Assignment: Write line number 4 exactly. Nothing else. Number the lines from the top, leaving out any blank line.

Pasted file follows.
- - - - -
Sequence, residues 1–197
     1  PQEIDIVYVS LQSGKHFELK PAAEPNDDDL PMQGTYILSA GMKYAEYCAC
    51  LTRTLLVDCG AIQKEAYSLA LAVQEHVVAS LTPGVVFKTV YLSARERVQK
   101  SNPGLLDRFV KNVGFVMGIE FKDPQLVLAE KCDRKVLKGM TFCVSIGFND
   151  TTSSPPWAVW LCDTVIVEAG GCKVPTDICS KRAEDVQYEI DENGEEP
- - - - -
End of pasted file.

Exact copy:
   101  SNPGLLDRFV KNVGFVMGIE FKDPQLVLAE KCDRKVLKGM TFCVSIGFND